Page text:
Sunday Service: Jesus and Sarada

Sarada Devi

Week of May 31 – June 6, 2015

This week we bring you a spiritual talk from our archives. We’ve published or reprinted so many spiritual talks over the years, sometimes it is good to go back and reprint some of the earlier work; this site is too deep to fully explore, so many gems can get lost or overlooked.

It is worth noting that we also have pages devoted to faiths other than Vedanta that highlight spiritual talks we have delivered in the context of those faiths. These pages include Christianity, Buddhism and Islam right now. All of our talks are in the context of Vedantic truth, of course, but these pages help bridge the gap between religions and share truth that otherwise go unnoticed in the Vedanta tradition.

So here you go.

Enjoy, and happy Sunday! Peace be unto you. Peace be unto all.

Yours in service,
Peter

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This Week’s Spiritual Talk

Jesus and SaradaSarada Devi

By: Peter Kowalke

This past weekend was the birthday of Sarada Devi, one of the trio of homegrown saints worshipped here at the Ramakrishna Mission in Delhi. Thousands of people showed up for morning prayer services, which overflowed into two wedding-hall-sized tents, and the entire campus had a festive air.

Sarada is revered for her embodiment of motherly love and wifely devotion. She was a simple village girl married off to a man who turned out to be a saint, Sri Ramakrishna. Because she devoted herself fully to her saintly husband, she in turn also acquired the habits and outlook of a saint. But whereas her husband reportedly mastered all of the major spiritual disciples, Sarada stayed true to her roots and focused on the devotional, loving side of faith, known as bhakti yoga. She took her devotion and love as wife and expanded it into a devotion and love for all of mankind.

Because Sarada was a paragon of love, she shares a lot with another saint who was born this time of year: Jesus Christ.

The central message of Jesus was love. He taught love for fellow man, and he loved so deeply that he was willing to die on man’s behalf. His teachings were very bhakti yoga: through love you both find God and serve Him.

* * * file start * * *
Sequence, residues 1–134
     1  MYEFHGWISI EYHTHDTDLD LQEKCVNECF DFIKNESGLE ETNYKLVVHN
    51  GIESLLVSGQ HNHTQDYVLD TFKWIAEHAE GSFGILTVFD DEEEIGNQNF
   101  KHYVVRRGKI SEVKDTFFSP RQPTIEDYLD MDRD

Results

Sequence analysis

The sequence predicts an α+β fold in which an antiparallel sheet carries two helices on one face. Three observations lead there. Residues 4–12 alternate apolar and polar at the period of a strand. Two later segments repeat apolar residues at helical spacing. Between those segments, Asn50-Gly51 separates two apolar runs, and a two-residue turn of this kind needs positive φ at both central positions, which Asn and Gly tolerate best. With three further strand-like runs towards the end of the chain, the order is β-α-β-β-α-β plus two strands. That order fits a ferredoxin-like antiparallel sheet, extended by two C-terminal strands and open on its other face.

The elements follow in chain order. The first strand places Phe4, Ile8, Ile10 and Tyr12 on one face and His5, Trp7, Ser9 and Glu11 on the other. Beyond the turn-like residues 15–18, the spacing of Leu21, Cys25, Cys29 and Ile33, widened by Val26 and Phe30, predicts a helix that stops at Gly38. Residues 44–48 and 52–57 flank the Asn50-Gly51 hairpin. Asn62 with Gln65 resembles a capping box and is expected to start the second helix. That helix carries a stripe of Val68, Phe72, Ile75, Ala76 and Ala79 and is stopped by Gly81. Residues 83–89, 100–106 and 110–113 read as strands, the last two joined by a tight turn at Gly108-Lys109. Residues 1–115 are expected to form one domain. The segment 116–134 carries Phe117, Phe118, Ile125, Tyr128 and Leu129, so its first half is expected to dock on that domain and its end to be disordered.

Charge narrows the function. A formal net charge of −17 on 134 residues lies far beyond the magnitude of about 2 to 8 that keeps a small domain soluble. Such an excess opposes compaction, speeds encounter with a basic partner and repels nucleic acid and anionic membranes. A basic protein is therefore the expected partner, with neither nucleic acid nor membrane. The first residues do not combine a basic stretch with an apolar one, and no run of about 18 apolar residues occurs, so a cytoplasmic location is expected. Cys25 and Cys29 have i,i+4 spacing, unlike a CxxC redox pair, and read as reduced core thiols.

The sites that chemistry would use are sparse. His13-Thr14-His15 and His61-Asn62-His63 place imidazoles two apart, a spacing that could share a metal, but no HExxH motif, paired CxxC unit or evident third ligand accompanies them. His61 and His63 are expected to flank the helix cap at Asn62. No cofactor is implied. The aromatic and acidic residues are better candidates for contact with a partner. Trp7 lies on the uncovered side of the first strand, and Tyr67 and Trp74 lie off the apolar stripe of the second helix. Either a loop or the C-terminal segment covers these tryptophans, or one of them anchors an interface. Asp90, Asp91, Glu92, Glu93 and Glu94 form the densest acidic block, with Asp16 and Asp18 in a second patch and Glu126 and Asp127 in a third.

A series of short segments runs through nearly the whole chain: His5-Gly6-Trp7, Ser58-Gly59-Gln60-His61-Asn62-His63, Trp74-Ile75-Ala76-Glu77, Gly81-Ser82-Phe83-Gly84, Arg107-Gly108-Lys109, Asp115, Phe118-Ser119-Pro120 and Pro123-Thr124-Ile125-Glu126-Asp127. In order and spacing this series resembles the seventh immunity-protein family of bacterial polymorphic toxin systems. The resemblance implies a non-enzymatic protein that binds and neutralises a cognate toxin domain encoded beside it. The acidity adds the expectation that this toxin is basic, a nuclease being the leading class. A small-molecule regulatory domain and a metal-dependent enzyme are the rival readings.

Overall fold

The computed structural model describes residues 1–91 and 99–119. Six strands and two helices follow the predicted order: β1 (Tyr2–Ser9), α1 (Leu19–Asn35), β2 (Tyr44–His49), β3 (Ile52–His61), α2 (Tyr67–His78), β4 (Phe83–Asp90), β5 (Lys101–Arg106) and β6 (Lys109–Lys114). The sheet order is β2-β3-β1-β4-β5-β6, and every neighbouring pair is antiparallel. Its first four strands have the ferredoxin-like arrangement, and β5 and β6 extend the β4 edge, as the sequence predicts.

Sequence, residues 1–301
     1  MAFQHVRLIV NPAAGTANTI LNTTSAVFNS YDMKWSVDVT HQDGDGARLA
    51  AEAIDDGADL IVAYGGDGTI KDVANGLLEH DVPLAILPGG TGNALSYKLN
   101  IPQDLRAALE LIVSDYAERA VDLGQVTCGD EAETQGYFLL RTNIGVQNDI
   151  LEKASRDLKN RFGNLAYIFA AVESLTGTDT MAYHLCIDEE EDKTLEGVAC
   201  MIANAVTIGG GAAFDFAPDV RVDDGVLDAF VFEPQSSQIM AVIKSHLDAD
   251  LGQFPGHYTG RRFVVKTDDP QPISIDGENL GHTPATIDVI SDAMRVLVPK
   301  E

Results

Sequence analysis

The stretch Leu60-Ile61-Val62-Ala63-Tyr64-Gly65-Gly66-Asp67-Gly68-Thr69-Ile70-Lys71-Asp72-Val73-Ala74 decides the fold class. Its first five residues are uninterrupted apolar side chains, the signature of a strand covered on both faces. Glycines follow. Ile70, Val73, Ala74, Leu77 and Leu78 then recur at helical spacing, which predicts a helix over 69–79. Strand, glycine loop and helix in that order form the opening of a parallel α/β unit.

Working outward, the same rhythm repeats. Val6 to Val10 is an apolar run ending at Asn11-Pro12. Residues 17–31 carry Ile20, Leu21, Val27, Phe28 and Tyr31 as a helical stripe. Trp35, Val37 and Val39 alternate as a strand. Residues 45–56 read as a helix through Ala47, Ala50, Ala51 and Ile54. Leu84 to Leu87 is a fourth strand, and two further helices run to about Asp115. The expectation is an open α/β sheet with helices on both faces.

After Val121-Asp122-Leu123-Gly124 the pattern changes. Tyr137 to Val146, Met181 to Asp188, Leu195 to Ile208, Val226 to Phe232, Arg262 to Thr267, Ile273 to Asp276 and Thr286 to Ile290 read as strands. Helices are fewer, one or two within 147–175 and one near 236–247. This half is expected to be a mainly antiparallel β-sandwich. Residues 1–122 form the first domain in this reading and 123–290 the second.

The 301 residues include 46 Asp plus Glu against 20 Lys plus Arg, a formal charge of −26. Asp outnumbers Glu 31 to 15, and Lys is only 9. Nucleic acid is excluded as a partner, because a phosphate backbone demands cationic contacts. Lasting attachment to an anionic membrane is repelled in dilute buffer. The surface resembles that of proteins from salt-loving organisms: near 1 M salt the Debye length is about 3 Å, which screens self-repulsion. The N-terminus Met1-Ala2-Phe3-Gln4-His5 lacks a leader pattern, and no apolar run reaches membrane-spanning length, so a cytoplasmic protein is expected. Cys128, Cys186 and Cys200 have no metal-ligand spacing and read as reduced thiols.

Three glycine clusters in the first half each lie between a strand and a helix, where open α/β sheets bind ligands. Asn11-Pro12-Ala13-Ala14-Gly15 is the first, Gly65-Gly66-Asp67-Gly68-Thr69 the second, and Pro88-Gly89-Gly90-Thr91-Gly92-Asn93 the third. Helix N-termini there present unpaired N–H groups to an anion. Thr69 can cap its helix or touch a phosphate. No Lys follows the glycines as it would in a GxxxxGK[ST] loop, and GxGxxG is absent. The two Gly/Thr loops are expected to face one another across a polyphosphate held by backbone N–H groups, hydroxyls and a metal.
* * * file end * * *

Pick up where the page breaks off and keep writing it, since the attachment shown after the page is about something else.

Sarada also embodied love, but hers was cast through the highest expression of womanhood: the role of mother. Jesus preached “loved thy neighbor as thyself,” and Sarada loved everyone as her child. Both advocated loving service as the highest ideal.

Loving others is important because all roads lead back to love; every major faith tradition, every moral code, comes back to loving others. There are many ways to find God and a deeper meaning in life, but love enters into the picture no matter how you get there. That’s because God is love. Each faith gives its own explanation, but all resolve to love in the end. In Vedanta, love is when we see God in someone—the love we feel is us connecting with God.

(read more)

 

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videoVedanta Television

American Vedanta on YouTube

Finding lasting happiness. Applying the Bhagavad Gita to daily life. Learning about the history of Vedanta in the U.S. These are some of the topics covered at American Vedanta’s YouTube channel. We curate a list of spiritual videos that will help advance your spirituality and expand your mind. When wanting spiritual videos, give our YouTube channel a look.

We also recommend other resources such as Booksaudio lectures and web sites, among other resources.

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Spiritual Fitness

Do You have a Spiritual Routine?

Vedanta, if not practical, has no other relevancy. The key to practical Vedanta is an individualized spiritual routine.

There are six components of a good spiritual routine.

Swan1. Find a Community. If you have an existing church, temple or mosque, attend regularly. If not, join our Facebook group and see our list of recommended spiritual organizations.

2. Seek Guidance. Find a mentor within your existing spiritual community or contact us for a referral.

3. Attend Spiritual Services Regularly. If you don’t live near an appropriate spiritual community, we offer a weekly spiritual talk delivered by email, Facebook and Twitter. We also host a regular Vedanta Dinner for those who live in the New York City area.

4. Incorporate Individual Study. We keep a list of books and resources for your individual study needs.

5. Take Responsibility for Your Spiritual Life. Read our talk about listening to your own inner compass and contact us when you have a question that your spiritual community isn’t answering adequately.

6. Leverage Rituals Thoughtfully. As an example, read our essay about the power of saying grace.

Our longer talk about spiritual routine can be found here.

Happy Sunday! Peace be unto you. Peace be unto all.


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